Friday, November 14, 2008

Weekend Events

Black Orpheus (Orfeu Negro)
Film screening: 8pm, Friday, November 14
Dinnerware Artspace
264 E. Congress
Suggested donation $2

Part love story, part fantasy, part documentary, part musical, the 1959 Brazilian film Black Orpheus is a retelling of the Orpheus and Eurydice myth set during Carnaval in a Rio de Janeiro favela, with a score/soundtrack so sublime, it's billed as "the film that introduced Bossa Nova to the world." The surreal art direction makes for a movie that's surprisingly complex, like taste of certain Mexican candies: your brain tells you it should be sweet, but the real flavor is curiously bitter.

The Invisible City
Film footage screening: 7-9pm, Saturday, November 15
Parking lot at corner of Toole and 6th Ave.
Suggested donation $5

Final performance: 5:30pm, Sunday, November 16
Top of the parking garage at Pennington and 6th Ave.
Tickets $10

One of my favorite books has been realized as an experimental, multidisciplinary, total art experience. "We had a desire to inspire wonder," says Kimi Eisele [via], one of the founders of The Invisible City, a site-specific artist laboratory in Downtown Tucson is a collaboration between NEW ARTiculations Dance Theatre and Kore Press. The project has been bringing dancers, writers, visual artists, and musicians together for the last for 4 weeks to create work that investigates public space through process-based explorations and performance. Given the lack of literal pathways for human contact and communication in the current downtown area, The Invisible City asks women artists to imagine what a more humanist city might look like and how it might function. Saturday's film screening will show footage filmmaker Jamie Lee has shot at all the labs over the past few weeks. Sunday's event promises to be an exciting, envelope-pushing collage of simultaneous performances.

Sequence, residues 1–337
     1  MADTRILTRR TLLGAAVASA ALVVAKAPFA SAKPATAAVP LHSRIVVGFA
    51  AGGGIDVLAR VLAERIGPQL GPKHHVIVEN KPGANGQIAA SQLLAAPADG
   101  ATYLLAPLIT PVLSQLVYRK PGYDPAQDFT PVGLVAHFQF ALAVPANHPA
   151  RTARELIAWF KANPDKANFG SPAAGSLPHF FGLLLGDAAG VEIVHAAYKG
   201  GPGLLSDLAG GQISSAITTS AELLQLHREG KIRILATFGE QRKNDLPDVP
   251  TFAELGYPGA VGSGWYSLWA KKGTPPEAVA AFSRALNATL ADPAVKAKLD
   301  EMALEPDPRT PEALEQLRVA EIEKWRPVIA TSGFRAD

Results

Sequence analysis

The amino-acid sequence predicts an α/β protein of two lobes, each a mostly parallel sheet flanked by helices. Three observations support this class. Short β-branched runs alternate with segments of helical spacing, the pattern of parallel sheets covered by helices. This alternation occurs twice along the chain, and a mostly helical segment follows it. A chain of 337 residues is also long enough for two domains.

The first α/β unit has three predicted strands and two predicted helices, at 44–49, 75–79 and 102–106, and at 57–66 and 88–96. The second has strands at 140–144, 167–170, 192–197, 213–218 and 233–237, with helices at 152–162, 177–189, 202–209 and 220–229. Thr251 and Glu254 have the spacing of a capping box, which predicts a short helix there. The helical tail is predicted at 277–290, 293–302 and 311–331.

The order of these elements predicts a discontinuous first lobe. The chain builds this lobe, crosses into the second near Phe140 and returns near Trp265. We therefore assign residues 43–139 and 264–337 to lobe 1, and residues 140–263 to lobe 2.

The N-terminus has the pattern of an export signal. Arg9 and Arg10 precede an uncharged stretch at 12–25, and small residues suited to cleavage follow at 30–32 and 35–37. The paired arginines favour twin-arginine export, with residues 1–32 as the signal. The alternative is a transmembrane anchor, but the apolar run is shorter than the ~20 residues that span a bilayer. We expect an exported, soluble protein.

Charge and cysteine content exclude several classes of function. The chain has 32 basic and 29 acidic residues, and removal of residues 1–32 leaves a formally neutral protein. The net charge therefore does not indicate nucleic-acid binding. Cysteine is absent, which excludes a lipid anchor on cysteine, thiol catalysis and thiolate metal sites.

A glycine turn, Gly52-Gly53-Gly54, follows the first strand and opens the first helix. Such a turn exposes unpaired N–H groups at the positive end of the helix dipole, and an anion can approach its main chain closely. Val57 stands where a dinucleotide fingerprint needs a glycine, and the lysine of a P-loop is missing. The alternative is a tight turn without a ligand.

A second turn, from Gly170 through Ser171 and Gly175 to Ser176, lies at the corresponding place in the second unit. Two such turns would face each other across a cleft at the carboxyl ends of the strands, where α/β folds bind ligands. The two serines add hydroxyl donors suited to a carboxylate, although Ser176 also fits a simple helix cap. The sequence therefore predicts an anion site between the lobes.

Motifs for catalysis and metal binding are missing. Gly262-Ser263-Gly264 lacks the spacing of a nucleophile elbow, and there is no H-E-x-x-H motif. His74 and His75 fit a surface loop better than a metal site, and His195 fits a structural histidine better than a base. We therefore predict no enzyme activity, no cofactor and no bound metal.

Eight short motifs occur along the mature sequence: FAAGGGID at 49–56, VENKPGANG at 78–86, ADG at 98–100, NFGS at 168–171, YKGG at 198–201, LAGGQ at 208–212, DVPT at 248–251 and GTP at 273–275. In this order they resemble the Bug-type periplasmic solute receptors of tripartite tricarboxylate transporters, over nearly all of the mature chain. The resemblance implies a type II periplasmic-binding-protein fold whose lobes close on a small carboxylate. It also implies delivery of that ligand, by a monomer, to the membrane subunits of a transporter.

Culture Craft Saturday
1-4pm, Saturday, November 15
Arizona State Museum
University Blvd. and Park Ave.

Enjoy new family-friendly short (12 minutes or less) films by young Native American film makers, and make visual/storytelling objects inspired by the stories at the Native Eyes Film Festival. Kids can create a flipbook, write and illustrate a storyboard, learn to tell stories with Navajo string figures, make an animated Phenakistoscope, and design a skateboard deck like the ones shown in 4 Wheel War Pony . Cool, huh?

Wil Taylor: The Tarot of Eden
Opening: 7-10pm, Saturday, November 15
2920 E. Broadway Blvd. (Country Club & Broadway)
Hours: T-Sa 10am-5pm, Su-M 11am-4pm

I'm so glad I found Bohemia! It's a fun boutique in a retro shopping center featuring affordable art, artisan housewares, and handmade clothing and accessories in a laid-back atmosphere. From what I could find online, Wil Taylor's work looks to have a unique, Art Nouveau style. And while you're at it, invest in something you know is worthwhile by supporting local artists and business and get your holiday shopping done early.

Still updating the Google Calendar too!

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